911 Centers in Washington and Oregon are currently working on upgrading their systems in order to accept Text to 911. CRESA along with seven other 911 agencies in the region are pleased to announce that the ability to text to 911 is now available in the Portland Metro Region including Clark County.
Why is Texting 911 Important?
Texting is intended to benefit people that may not be able to speak due to an emergency such as a home invasion or abusive partner, as well as individuals who are deaf, hard of hearing, or have limited speech capabilities
Who Has Text-to-911 Capability in Oregon & SW Washington?
As of August 2016, Text-to-911 is available in the following counties in Oregon and SW Washington:
- Clatsop County (Oregon Coast)
- Clackamas County (Lake Oswego east to Mount Hood)
- Columbia County (St. Helens and county northwest of Portland)
- Clark County (Vancouver and Southwest Washington)
- North Marion County (Woodburn and Valley corridor)
- Multnomah County (City of Portland, Gresham)
- Washington County (West of Portland to to the north Oregon Coast)
You can see the map of which 911 agencies this initiative covers by clicking here.
Does Text-to-911 replace voice 911 calls?
Texting should ONLY be used when you are unable to make a voice call to 911. If you are able to place a voice call, we are able to gather information more quickly from you about the emergency, your location and what hazards responders may encounter. If, however, you are unable to place a voice call, Text-to-911 is an option you can use to share this same information.
The key thing to remember is Call if You Can, Text if You Can’t.
Here is a video from our 911 friends in Vermont to illustrate why Text-to-911 can be especially useful for the deaf and hard of hearing communities
For more information regarding text to 911 in SW Washington and NW Oregon, please visit: www.nwtext911.info
For more information regarding text to 911 in Washington State, visit: http://mil.wa.gov/emergency-management-division/e911/texting911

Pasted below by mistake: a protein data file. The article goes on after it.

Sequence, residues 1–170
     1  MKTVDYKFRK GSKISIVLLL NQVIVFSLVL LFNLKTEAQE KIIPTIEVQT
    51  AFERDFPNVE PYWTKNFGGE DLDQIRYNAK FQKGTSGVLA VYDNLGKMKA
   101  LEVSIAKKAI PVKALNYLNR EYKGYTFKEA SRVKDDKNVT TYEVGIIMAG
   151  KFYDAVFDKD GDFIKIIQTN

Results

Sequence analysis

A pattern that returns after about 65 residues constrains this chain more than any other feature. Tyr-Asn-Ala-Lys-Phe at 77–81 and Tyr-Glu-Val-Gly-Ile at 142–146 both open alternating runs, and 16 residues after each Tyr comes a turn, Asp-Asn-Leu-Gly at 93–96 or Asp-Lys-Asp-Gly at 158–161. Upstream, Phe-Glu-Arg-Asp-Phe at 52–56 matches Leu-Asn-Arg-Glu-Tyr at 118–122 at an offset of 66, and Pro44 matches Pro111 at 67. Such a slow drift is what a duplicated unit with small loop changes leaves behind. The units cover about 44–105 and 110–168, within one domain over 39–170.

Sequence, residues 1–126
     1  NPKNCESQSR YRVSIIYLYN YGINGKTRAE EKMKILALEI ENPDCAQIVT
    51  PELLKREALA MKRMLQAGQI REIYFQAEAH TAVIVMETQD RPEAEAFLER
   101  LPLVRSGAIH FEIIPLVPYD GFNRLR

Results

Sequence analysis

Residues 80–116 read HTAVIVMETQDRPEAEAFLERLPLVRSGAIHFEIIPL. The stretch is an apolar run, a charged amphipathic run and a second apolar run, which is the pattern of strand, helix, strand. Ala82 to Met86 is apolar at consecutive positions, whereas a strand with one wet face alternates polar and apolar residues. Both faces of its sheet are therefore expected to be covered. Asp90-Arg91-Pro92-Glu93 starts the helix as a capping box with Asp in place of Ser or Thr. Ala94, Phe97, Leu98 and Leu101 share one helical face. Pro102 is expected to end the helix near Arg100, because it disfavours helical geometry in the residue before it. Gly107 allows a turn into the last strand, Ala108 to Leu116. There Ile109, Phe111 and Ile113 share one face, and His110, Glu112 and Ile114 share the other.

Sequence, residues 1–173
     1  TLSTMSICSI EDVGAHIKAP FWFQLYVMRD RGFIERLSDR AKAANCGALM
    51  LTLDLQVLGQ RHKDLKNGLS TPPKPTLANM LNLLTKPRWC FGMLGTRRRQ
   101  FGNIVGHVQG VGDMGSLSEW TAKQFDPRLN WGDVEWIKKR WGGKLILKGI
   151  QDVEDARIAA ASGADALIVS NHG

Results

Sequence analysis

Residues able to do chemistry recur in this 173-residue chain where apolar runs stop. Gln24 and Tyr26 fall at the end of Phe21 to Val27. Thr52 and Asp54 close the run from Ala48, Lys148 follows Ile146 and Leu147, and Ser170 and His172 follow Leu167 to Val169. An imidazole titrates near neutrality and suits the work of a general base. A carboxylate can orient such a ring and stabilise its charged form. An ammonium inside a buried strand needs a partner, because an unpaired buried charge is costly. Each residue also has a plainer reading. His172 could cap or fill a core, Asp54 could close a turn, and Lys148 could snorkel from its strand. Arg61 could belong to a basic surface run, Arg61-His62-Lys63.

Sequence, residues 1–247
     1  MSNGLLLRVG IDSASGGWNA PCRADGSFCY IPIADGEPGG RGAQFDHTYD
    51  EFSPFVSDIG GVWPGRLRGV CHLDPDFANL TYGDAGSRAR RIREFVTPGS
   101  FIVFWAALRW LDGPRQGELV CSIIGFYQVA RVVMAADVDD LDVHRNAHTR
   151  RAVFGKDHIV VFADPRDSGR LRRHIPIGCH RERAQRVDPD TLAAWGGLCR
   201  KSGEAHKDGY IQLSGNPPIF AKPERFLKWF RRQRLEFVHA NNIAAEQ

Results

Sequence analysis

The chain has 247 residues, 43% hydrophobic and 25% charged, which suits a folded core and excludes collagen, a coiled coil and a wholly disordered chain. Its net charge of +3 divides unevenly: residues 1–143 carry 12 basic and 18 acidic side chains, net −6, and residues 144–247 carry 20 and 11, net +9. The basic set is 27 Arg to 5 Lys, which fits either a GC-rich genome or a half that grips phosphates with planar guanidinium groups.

What are the challenges with accepting 9-1-1 texts?
The 911 Call Center cannot identify the person’s exact location. In fact, location accuracy is worse with text messages than when you call into 9-1-1. Additionally, it can take more time for a call taker to respond to a written text messages or we may receive gaps if messages don’t come through.
What happens if someone texts a 911 call center that does not accept texts?
Anywhere 911 text services are not available, callers should receive a “bounceback” message that says text-to-911 is NOT available in that area.
Can I send photos and video?
For the moment, 911 can only accept written words. Accepting pictures and video will be coming in the future; however, many of the carriers cannot transmit multi-media messaging (MMS) at this time.
Can I send emojis?
No, most phones turn emoticons into multi-media messages (MMS) which are currently blocked by the phone carriers. This means your whole message to 911 may be garbled or simply won’t come through at all to 911.
Can I include 911 in a group text or send text to 911 while roaming?
No. If your phone is in roaming mode or you add 911 to a group text, we will not receive your message.
Will this cost the public more money?
There is no cost to the person texting 911. There is an increased cost to the 911 centers that is partially offset by the 911 tax. Data regarding the full impact to agency operations and personnel costs will not be available for some time.
Who governs Text-to-911 exactly?
The FCC required the wireless carriers to offer Text-to-911 service. However it is up to each 911 center to determine when they are capable, both technically and operationally, to accept text messages.
Is there an FCC regulation that requires 911 centers to accept text to 911?
At this time, the Federal Communications Commission (FCC) has only placed a regulation on the wireless carriers to make text available. Currently, 911 centers are not required to accept text messages.